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Front. Vet. Sci., 05 February 2021 |

Detection of Infectious Agents Causing Neonatal Calf Diarrhea on Two Large Dairy Farms in Yangxin County, Shandong Province, China

Xiaojuan Wei1,2,3, Weiwei Wang1,2,3, Zhen Dong1,2,3, Fusheng Cheng1,2,3, Xuzheng Zhou1,2,3, Bing Li1,2,3 and Jiyu Zhang1,2,3*
  • 1Lanzhou Institute of Husbandry and Pharmaceutical Sciences of Chinese Academy of Agricultural Sciences (CAAS), Lanzhou, China
  • 2Key Laboratory of New Animal Drug Project of Gansu Province, Lanzhou, China
  • 3Key Laboratory of Veterinary Pharmaceutical Development, Ministry of Agriculture, Lanzhou, China

Neonatal calf diarrhea (NCD) is one of the most serious health challenges facing the livestock industry and has caused substantial economic losses due to increased morbidity and mortality rates. The present study investigated the main infectious pathogens causing NCD among cattle in Yangxin County, China. Sixty-nine fecal samples were collected from diarrheic newborn cattle and tested for infectious agents, including bovine rotavirus, bovine coronavirus, Escherichia coli K99, Cryptosporidium parvum, and Giardia lamblia, that cause NCD, as determined by rapid kit analysis and polymerase chain reaction (PCR) amplification. The PCR results showed that the percentages of samples that were positive for C. parvum, bovine rotavirus A, bovine coronavirus, and G. lamblia were 44.93, 36.23, 17.39, and 13.04%, respectively. The rapid kit analysis results showed that the prevalence of C. parvum, rotavirus, coronavirus, and G. lamblia was 52.17, 31.88, 28.98, and 18.84%, respectively. No E. coli K99 was detected by either method. The total positivity of the samples, as determined by PCR and rapid kit analysis, was 80.00 and 81.16%, respectively. No significant difference between the two methods was observed. The results of this study may help to establish a foundation for future research investigating the epidemiology of NCD in cattle and may facilitate the implementation of measures to control NCD transmission to cattle in Yangxin County, Shandong Province, China.


Neonatal calf diarrhea (NCD) is one of the most serious diseases worldwide among newborn calves (<1 month old). NCD causes notable levels of morbidity and mortality through several complications, such as dehydration, acidosis, and solution depletion (13). At present, NCD continues to be a major cause of fruitfulness reduction and economic loss in Bos taurus herds around the world (4), despite advances in the cattle industry regarding herd management, animal facilities and care, feeding and nutrition, and timely use of biopharmaceuticals. This disease may be triggered by both infectious and non-infectious factors (the intrinsic characteristics of the calf, its organic processes, veterinary treatment, management of the herd, and environmental factors) (5). Among these factors, infectious agents are the leading cause of death. Among the numerous infectious agents causing NCD, rotavirus, coronavirus, Escherichia coli enterotoxin K99/F5, and Cryptosporidium parvum spp. are recognized as the four most essential pathogens (6). C. parvum and rotavirus are often detected in fecal samples (2). In past research, most analyses centered on individual pathogens, but recent studies have urged that concurrent infection of a number of pathogens may be necessary to model the pathophysiology of gastrointestinal diseases (7). A study reported that the rate of coinfection was 55% in fecal samples obtained from diarrheic calves. Notably, the rate of coinfection in healthy calves was only 3% (8). Cryptosporidiosis is a worldwide zoonotic disease, and cattle are recognized as a major parasite reservoir and contributor to zoonotic infection (9). Therefore, research into the pathogens that infect cattle and cause NCD is vital for farmers and staff members in regions with intensive cattle farming. On the other hand, antibiotics are currently measured through empirical observation based on when the symptom of loose stools occurs, though a proper etiological diagnosis is rarely made, and it may not be clear what the cause is. This approach leads to the unnecessary and excessive use of antibiotics in food animal species and the potential development of antibiotic-resistant bacteria. This phenomenon has prompted a ban on the subtherapeutic usage of antibiotics in several countries (10).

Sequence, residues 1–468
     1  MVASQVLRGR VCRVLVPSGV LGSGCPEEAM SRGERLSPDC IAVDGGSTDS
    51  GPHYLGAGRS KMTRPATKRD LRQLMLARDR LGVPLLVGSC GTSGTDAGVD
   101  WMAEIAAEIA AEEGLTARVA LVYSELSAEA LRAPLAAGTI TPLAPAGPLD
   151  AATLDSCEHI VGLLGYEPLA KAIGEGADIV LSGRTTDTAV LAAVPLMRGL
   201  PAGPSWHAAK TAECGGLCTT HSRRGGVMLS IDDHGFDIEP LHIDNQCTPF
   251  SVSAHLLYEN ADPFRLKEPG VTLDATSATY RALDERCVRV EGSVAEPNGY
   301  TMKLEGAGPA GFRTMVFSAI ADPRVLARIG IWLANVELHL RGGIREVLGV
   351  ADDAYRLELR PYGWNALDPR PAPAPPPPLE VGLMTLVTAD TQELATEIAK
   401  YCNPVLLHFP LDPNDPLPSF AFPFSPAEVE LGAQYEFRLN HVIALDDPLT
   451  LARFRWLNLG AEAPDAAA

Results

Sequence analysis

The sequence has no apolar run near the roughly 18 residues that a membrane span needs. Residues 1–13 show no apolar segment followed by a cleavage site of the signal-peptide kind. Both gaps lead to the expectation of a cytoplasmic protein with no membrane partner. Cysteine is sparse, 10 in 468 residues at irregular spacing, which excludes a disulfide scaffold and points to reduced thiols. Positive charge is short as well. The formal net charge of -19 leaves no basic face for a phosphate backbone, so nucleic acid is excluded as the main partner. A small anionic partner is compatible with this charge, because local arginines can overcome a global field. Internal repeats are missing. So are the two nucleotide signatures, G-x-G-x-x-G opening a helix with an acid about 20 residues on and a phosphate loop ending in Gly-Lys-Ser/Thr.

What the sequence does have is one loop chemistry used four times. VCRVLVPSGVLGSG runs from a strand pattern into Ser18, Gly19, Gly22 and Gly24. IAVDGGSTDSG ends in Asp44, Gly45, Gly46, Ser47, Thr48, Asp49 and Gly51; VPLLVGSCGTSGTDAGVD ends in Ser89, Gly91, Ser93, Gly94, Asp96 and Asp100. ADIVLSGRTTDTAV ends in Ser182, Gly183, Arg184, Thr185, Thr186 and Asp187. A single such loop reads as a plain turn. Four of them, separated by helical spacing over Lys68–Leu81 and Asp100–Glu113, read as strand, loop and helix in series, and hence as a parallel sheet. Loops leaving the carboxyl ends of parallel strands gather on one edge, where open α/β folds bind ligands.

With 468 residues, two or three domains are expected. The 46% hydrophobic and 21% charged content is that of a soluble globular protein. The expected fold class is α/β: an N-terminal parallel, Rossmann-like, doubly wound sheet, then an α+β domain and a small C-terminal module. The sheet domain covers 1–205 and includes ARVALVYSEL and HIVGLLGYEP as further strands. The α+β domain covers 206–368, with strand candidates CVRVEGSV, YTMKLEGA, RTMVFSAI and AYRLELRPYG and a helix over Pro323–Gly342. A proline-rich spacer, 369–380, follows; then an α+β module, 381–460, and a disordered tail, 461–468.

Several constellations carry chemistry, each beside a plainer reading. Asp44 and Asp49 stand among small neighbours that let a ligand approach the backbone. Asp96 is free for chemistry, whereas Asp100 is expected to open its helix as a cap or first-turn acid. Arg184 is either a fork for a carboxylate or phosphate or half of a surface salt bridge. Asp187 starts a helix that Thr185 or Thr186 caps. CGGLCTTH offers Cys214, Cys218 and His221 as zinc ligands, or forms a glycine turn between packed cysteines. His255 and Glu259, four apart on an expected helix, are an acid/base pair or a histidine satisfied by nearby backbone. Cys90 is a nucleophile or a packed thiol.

The aim of this study was to detect the types of pathogens causing NCD and to determine the prevalence of this disease in two intensive cattle herds in Yangxin County, Shandong Province, China, through diagnosis in order to design rational and efficacious protocols for the prevention and treatment of diarrhea.

Materials and Methods


The study area was conducted in Yangxin County, Shandong Province, eastern China. This area is located between north latitudes 37°58′ and 37°66′ and east longitudes 117°47′ and 117°77′. A small geographical map of the farm is shown in Figure 1. This area is one of the most important cattle and dairy farming areas in the country. A total of 69 fresh stool samples were collected on October 8–10, 2019. At the beginning of October, during the NCD outbreak on the farm, the clinical signs were depression, anorexia, dehydration, and watery diarrhea. When the calves were administered broad-spectrum antibiotics (such as florfenicol), the animals were unresponsive to these medicines. Death occurred in four calves 3–5 days after the onset of diarrhea. To confirm the causes of the infectious agents, fresh stool specimens were obtained from calves for <1 month. Fifteen calves with no abnormal clinical signs were employed as controls, and 54 diarrheic calves were employed as the experimental group.


Figure 1. Small geographical map of the farms (the green dots represent the area where the cattle farms are located, the red star represent the capital of China, Beijing).